Like many software development trends, the value of creating single-page applications is sometimes diluted by myths regarding how and why they should be used. While the primary goal for building SPAs is to enhance user experience by reducing the number of page loads a Web visitor experiences, not every program will be an ideal fit for the paradigm.
As TechTarget contributor Tom Nolle noted, the SPA paradigm treats Web pages much like software components, meaning that developers create local scripts as opposed to ones that span multiple pages. This reduces the number of page shifts required to complete a function.
"The primary goal of an SPA is to restructure Web applications around Web 2.0 page-event-interactive principles so the experience can be translated easily to multiple devices and is productive for users," Nolle wrote. "That means designing the user interaction first, with the goal of supporting one logical activity with a single page and a single set of scripts, loaded at one time and run until the activity completes."
While SPAs can be beneficial, programmers must consider the type of applications they're building. Nolle highlighted software that is innately multi-step and that must be mapped out to numerous components as an example of where traditional Web applications would function better compared with an SPA.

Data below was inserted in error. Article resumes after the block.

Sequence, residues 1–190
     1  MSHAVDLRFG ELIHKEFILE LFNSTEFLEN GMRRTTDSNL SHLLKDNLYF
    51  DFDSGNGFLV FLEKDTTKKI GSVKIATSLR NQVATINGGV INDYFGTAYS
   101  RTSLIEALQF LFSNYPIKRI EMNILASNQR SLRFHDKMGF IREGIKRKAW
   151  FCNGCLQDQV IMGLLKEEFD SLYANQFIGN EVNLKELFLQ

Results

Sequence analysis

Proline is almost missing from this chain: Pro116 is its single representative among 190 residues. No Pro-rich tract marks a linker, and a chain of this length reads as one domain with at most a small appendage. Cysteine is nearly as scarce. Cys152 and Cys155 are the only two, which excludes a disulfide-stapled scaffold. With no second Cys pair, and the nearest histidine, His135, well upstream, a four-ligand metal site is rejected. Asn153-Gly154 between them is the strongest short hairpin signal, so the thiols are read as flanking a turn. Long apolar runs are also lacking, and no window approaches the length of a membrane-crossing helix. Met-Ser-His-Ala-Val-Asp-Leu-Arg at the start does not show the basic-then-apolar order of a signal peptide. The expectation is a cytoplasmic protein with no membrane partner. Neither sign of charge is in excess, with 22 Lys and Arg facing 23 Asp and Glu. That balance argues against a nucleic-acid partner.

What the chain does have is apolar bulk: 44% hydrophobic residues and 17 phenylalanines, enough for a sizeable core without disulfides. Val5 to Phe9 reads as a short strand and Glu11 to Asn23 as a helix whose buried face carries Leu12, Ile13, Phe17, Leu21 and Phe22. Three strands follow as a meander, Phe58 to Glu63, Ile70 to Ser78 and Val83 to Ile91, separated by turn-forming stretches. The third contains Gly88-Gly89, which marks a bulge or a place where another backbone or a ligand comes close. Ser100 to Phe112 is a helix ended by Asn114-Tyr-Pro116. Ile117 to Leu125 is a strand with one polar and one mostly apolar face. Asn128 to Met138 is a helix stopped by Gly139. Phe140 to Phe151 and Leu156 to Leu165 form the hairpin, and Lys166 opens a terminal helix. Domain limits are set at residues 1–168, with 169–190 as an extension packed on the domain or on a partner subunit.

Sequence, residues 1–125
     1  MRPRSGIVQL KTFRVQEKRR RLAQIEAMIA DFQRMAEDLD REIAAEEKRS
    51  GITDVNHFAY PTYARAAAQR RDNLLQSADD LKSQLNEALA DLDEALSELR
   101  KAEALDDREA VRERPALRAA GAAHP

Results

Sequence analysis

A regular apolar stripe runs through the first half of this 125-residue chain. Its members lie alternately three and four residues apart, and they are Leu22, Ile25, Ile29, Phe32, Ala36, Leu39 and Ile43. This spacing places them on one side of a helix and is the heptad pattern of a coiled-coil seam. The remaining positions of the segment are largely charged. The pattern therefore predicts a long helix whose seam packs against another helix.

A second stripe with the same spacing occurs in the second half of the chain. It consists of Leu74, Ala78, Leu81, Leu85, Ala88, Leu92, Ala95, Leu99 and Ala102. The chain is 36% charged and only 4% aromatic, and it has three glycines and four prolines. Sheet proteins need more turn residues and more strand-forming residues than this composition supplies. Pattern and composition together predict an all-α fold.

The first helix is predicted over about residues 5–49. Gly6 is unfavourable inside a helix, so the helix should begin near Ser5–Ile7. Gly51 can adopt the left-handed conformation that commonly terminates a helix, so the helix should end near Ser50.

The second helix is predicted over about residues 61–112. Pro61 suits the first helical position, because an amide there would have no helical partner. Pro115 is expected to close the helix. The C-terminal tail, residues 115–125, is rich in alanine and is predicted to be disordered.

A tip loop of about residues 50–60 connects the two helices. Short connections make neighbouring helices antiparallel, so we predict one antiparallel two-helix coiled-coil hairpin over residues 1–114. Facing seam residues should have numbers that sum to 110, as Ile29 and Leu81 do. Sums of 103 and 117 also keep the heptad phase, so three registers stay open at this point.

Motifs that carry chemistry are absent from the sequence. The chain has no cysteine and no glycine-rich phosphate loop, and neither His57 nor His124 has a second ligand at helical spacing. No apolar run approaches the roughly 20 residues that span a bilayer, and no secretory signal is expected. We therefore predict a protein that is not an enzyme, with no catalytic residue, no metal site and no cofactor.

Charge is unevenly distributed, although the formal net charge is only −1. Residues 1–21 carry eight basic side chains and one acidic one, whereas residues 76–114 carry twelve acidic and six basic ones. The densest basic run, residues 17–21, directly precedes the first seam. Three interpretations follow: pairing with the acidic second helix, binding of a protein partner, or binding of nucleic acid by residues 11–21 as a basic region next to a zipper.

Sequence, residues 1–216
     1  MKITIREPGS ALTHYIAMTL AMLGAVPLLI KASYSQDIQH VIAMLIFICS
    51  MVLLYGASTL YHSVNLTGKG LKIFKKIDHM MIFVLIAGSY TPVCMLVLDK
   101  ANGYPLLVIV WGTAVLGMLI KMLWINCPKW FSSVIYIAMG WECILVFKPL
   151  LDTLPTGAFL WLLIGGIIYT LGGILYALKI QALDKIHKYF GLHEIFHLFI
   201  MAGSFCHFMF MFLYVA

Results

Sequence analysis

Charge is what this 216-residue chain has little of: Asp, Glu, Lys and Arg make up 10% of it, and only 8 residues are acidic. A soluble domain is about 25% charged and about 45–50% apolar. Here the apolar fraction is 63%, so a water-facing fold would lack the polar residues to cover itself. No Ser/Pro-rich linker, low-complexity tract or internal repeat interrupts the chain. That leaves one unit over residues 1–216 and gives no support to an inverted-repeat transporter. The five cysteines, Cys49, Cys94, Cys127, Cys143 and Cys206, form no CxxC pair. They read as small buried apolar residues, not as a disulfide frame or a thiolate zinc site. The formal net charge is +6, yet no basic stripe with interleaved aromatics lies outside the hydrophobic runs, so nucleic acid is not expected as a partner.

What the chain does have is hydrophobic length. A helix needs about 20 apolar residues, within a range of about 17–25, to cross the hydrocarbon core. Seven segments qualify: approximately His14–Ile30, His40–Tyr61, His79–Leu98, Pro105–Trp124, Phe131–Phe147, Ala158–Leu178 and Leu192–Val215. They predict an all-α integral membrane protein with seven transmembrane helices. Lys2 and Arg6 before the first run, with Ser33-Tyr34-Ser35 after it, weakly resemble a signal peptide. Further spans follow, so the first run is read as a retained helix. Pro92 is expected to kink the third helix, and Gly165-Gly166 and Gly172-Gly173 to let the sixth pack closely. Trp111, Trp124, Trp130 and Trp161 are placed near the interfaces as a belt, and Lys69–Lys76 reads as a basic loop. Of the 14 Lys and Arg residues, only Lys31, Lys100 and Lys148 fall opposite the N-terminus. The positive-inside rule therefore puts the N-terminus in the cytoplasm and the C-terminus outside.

More complex is not always better
As new development strategies take hold, it will be increasingly important that programmers align their philosophies with the rest of their organizations. For instance, the the launch of a BYOD program would significantly impact users' ability to interact with company-provided IT resources. The growing variety of devices has been of particular concern with Web developers in both consumer- and business-facing projects. As ClickZ contributor Benjamin Spiegel observed, products such as Google Glass create new challenges for software. Whereas smartphones still have touch interfaces, Glass relies on voice and does not have a typical Web browser.
As more devices emerge with even greater interface diversity, Spiegel argued that programmers will need to focus more on APIs. This would better enable their software to communicate with other applications and devices that lack traditional user interfaces.
"Unfortunately, there will be some old methods and technologies that will become outdated soon, and Web design as we know it may be one of them," Spiegel wrote. "However, as with all technological advances, this will be replaced by a new normal for the 21st century; we just don't know yet where or how we'll consume it!"